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BBC Appeal

BBC Radio 4 Appeal

Bayaka villagers singing and dancing in the CAR

Thank you for listening to the Rainforest Foundation's BBC Radio 4 appeal. If you haven't had a chance to catch it yet, you can listen again here on the BBC iplayer.

I was delighted to get involved with this appeal and take the opportunity to explain how the groundbreaking mapping work carried out by the Rainforest Foundation UK is protecting rainforests in the Congo Basin.

In our broadcast you can hear the voices of the rainforest, I now invite you to watch the footage here and see for yourself exactly how mapping strengthens forest communities  in defending their ancestral homes, gain land rights, and by doing so protects millions of acres of rainforest from destruction.

I do hope you can support our appeal today.

Trudie Styler
Founding Patron

Supporting our appeal

It costs £100 to provide a community with a GPS unit and a training manual enabling them to map their land independently.

Once the forest is mapped, a donation of £25 pays for one person to present their community map to a government official, in order to defend their land against logging.

To support our appeal you can give online via the Radio 4 website www.bbc.co.uk/radio4/appeal or by calling Freephone 0800 404 8144.

Or you can write a cheque to the Rainforest Foundation UK and send it to Freepost BBC Radio 4 Appeal. Please mark the back of your envelope Rainforest Foundation UK.

Thank you.

Why we map

In many cases logging concessions and decisions on how the forest is used are based on maps that are made from satellite photos which don't show the small village communities that are using the forest without destroying it. Before a community can start to protect its forest, it needs to be recognised and gather evidence for how it uses the forest.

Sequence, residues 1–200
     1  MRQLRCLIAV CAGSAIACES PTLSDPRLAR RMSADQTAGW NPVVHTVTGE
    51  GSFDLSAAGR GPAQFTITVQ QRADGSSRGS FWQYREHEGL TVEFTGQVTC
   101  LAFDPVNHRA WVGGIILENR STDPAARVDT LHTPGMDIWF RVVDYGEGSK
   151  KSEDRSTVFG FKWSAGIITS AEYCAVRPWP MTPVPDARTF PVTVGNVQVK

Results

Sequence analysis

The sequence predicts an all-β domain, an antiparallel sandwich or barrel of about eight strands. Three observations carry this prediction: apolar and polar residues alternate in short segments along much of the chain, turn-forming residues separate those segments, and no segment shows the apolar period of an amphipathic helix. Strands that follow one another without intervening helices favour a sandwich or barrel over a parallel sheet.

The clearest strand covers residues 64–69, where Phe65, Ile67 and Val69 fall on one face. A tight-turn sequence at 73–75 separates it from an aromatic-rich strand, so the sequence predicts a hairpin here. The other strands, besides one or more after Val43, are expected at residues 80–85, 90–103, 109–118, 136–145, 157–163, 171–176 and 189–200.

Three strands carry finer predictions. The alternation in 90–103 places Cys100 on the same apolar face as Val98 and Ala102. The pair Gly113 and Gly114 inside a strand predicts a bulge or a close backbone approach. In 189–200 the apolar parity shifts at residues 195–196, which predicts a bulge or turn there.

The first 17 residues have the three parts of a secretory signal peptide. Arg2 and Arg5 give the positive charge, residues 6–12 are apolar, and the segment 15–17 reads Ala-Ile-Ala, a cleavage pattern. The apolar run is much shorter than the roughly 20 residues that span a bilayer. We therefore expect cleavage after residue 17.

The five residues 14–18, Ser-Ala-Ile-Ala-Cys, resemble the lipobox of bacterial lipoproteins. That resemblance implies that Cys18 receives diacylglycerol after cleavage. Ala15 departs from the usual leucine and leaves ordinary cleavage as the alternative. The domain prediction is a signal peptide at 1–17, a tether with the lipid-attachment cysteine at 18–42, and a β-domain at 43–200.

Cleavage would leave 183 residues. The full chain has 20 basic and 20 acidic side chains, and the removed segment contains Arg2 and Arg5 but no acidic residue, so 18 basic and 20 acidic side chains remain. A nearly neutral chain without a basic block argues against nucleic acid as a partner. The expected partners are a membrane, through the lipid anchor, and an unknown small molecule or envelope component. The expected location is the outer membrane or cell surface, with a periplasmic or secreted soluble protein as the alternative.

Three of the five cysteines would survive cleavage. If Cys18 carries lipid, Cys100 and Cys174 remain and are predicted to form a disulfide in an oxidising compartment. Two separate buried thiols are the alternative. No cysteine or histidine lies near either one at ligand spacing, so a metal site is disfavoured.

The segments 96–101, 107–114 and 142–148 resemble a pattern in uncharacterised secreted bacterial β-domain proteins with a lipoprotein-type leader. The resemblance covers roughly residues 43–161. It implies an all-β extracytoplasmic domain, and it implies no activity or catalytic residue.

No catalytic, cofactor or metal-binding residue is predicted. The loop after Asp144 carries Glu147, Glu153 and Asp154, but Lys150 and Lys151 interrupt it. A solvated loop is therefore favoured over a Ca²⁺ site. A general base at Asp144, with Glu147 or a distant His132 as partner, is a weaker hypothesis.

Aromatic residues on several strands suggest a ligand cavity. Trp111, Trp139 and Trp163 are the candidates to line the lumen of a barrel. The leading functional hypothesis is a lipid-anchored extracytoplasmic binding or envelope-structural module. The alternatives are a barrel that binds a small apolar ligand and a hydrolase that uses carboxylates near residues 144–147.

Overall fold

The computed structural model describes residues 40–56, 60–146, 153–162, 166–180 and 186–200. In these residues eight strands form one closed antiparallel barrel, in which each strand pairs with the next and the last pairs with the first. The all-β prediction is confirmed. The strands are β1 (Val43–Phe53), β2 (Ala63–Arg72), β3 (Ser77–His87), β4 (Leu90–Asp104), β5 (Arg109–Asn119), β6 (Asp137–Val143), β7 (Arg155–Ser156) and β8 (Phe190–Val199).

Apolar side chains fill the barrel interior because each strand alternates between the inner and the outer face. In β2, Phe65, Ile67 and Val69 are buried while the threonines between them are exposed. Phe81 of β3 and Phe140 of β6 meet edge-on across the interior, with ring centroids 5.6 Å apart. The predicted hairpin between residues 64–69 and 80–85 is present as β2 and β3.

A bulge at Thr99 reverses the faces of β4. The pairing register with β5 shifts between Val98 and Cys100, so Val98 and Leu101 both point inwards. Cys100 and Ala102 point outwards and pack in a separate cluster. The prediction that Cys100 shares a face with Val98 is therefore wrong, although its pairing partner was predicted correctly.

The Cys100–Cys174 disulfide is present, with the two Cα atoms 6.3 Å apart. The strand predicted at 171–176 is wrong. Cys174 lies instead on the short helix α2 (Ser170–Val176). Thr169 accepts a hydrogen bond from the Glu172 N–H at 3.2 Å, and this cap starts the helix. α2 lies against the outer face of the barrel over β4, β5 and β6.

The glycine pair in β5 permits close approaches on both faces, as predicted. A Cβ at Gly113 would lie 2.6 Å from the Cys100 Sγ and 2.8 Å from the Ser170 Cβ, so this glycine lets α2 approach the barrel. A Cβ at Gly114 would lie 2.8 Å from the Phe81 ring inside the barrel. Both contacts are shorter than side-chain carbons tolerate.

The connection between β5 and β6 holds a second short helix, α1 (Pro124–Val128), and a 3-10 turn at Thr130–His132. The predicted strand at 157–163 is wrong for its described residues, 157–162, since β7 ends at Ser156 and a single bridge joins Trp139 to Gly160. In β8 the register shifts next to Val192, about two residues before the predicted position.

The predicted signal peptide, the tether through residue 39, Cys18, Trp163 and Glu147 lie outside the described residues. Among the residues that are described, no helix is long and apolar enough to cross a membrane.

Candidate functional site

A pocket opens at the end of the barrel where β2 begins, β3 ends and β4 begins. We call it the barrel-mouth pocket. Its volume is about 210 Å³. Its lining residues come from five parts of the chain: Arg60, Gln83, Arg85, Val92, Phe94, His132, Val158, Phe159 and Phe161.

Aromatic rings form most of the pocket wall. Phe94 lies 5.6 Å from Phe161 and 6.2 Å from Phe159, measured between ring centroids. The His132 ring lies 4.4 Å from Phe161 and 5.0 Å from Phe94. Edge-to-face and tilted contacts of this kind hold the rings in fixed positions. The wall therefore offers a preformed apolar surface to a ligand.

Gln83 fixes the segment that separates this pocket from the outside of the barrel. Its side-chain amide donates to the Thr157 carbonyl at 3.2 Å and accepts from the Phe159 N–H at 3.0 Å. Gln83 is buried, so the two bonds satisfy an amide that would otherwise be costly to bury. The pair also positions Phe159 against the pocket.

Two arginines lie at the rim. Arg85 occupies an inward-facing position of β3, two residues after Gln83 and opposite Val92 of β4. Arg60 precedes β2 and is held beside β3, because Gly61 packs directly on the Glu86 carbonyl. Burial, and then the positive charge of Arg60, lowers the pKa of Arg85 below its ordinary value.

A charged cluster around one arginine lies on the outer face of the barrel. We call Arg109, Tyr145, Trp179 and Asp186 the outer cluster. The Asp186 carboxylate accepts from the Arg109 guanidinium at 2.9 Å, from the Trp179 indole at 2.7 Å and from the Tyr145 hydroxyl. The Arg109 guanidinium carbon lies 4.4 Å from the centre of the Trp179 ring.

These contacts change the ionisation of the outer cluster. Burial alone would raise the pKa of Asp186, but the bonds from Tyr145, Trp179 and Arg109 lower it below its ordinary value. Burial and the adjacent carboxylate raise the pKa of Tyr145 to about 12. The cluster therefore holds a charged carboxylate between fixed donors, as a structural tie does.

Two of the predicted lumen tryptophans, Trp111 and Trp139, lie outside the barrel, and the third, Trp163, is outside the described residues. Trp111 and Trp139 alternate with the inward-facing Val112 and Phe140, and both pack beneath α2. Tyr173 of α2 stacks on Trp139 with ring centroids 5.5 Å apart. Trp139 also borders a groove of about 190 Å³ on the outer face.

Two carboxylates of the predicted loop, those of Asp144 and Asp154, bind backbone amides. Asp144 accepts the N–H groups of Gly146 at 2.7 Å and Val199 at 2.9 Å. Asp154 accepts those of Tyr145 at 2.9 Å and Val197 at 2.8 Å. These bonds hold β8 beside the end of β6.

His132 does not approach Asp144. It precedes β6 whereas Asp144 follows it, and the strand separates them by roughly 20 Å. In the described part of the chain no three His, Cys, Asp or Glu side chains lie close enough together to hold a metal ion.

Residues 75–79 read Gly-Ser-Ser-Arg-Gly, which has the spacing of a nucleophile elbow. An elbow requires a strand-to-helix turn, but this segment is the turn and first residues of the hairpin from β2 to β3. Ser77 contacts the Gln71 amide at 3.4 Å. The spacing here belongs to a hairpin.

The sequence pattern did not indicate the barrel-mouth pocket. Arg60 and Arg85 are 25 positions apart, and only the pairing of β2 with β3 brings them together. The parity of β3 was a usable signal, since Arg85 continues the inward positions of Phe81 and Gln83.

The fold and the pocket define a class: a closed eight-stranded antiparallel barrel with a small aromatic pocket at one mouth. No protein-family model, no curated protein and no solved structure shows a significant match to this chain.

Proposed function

"when a mining opportunity is discovered on our land, we are driven out without any consideration for our existence. 

"With maps we can demonstrate that we are forest people, and the forest is our land".

Leonard Odambo, Co-ordinator of Indigenous Peoples Organisation MINAPYGA

Watch our introduction to mapping video here.

Where do we start?

To put forest communities on the map, and to ensure ownership of any community based project, we must start by getting everyone involved. 

The whole community comes together to make a rough map on the ground. Using stones and sticks they mark important areas such as rivers, hunting areas or sacred grounds. Once the sketch of the area is made on the ground, it is transferred to paper.

Watch the first maps start to take shape here.

Using a GPS unit?

Community members then set out with a GPS Unit to collect co-ordinates for each of the important areas on their map.

Watch these anti logging tools in action here.

The finished maps

Once the data has been collected from the GPS units detailed maps are produced, putting forest communities on the map. See how these detailed maps come together here.

For more details info on mapping you can visit our dedicated mapping for rights website here  and see some of the maps that have been produced, along with more videos and photos.

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